The Archive Lady: The Cost of Preservation Materials Rachel in California emailed a question after reading the September 29, 2016 column How to Preserve Civil War Letters from The Archive Lady. She asks “I was wondering if you could assist me with some additional guidance. It seems the cost of preservation materials can add up quite…
“Court martial sentenced to 28 days in camp”, were some the first words I saw written in the military documents of James Harrison. I wondered what could he have done? Why was he court martialled? So, I flicked through the other pages of the military documents looking for any clues to this mystery. But found nothing.
William James Harrison was 27 when he enlisted for the Australian army. At the time, he had two young children (James and John) and a baby on the way (Edna May). William and his wife Caroline (Rhodes) Harrison lived in James St Paddington. As you can see from the enlistment papers. One of the interesting things for me is the detailed description of his appearance in these papers. As there’s no photos attached in the files.
The following surnames and people I’ve started researching. Do you recognise any of these, if so drop me a line.
Harrison, William James, James, John, Leslie Robert, Edna (Luke), Valma Joyce, Violet Hazel (Rae), Evelyn
Rhodes, Caroline, John
Taylor Thomas Michael, Mary Agnes (Greene?)
To many October means the start of fall weather, turning of the leaves and anything pumpkin flavored but to us October means Family History Month! Throughout the month of October, we will explore the theme of DNA and how it can strengthen and support your family history research. We will feature educational videos and posts from…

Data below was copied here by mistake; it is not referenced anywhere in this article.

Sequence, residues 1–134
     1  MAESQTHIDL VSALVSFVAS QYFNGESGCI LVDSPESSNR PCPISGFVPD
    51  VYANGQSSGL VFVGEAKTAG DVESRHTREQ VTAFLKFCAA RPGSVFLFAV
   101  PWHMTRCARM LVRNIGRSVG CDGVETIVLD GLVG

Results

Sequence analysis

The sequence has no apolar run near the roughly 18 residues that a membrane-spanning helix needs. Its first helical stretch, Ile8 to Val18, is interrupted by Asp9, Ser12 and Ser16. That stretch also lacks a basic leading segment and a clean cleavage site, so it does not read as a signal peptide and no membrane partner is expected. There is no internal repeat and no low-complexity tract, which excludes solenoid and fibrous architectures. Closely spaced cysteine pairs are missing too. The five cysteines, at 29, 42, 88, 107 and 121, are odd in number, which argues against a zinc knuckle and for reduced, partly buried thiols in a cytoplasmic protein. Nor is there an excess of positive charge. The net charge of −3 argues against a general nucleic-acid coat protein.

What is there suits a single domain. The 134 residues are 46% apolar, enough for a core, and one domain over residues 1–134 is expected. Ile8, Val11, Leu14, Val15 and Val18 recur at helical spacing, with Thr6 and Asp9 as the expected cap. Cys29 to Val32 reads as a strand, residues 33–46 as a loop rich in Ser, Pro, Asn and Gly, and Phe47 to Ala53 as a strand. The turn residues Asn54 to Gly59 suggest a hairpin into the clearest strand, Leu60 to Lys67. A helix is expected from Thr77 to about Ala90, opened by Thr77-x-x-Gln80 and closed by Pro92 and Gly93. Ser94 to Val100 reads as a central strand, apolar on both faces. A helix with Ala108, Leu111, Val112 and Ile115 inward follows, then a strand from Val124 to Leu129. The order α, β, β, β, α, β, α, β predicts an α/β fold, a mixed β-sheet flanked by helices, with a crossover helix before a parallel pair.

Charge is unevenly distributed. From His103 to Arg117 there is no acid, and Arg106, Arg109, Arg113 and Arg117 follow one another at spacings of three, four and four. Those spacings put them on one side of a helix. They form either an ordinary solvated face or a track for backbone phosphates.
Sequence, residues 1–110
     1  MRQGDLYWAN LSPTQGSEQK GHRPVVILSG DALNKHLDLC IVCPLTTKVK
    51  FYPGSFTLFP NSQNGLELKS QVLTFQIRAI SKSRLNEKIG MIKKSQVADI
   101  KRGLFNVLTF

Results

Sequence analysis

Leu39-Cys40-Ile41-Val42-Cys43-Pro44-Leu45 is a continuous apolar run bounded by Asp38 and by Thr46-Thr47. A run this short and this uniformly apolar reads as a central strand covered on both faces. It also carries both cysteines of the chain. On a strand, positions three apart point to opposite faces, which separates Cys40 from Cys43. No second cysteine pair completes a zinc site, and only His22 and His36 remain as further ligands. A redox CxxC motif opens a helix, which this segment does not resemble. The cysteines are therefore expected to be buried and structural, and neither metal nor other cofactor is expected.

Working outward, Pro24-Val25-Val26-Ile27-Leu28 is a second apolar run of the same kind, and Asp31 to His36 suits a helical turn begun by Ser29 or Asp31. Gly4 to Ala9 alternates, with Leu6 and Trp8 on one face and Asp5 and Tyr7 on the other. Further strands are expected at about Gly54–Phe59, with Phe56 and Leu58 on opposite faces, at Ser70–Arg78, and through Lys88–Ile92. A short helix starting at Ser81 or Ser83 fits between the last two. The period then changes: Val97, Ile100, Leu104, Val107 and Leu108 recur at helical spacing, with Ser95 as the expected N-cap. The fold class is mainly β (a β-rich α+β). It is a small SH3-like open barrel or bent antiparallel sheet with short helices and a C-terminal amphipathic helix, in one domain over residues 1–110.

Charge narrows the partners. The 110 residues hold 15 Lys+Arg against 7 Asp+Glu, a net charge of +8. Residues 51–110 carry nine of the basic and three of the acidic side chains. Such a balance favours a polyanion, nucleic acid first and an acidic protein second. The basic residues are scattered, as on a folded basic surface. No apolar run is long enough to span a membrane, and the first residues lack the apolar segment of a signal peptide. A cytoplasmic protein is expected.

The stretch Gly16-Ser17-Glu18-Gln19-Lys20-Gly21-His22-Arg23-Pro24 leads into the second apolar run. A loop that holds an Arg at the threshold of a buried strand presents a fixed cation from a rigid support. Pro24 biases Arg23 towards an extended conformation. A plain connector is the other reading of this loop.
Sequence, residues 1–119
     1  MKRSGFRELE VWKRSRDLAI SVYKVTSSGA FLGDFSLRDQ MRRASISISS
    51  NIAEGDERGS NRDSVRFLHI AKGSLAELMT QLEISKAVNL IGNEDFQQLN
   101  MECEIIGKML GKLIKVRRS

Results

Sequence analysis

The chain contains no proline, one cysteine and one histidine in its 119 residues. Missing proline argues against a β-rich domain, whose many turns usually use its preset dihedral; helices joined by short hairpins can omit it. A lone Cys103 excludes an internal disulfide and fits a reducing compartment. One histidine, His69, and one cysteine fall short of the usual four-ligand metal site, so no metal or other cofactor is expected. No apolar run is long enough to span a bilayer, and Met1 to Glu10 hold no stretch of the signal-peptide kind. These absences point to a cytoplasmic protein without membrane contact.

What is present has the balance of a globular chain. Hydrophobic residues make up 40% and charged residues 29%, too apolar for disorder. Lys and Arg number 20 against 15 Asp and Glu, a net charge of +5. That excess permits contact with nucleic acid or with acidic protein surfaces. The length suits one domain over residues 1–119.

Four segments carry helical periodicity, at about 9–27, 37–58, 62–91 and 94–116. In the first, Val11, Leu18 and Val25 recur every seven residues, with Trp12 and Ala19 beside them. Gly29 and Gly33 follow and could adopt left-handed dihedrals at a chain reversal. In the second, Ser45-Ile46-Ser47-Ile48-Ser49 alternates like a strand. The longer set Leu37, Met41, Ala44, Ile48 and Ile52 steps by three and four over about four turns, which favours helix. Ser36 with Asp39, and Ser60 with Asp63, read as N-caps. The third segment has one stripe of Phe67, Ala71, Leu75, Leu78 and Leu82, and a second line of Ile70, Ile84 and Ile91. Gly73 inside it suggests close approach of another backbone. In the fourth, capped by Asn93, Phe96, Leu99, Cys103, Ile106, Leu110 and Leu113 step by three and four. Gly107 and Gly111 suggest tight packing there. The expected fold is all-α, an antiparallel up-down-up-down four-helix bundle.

Todays military post is the enlistment record of William James Harrison. This enlistment document shows personal details of William James Harrison. He joined the Australian army on the 19th February 1915 and is 27 years of age. It also shows his wife’s name Caroline Harrison and they lived in James St Paddington. He worked as a labourer and we get his signature at the end of the document.
How did you start in family history? Well, for me it started one day when I was looking for something in my Dad’s desk and I came across an old piece of paper. I unfolded the paper and it had the name of a man called, James Harrison. I noticed in the corner the Australian Army symbol and more information about the first World War.
I thought who was this man? What did he look like? All these questions started to fill my mind. Talking with my dad, he shed some light. The man was my great grandfather and he was a solider in the first World War.
This was the beginning my family history journey. Share your comments below. How did your family history journey start?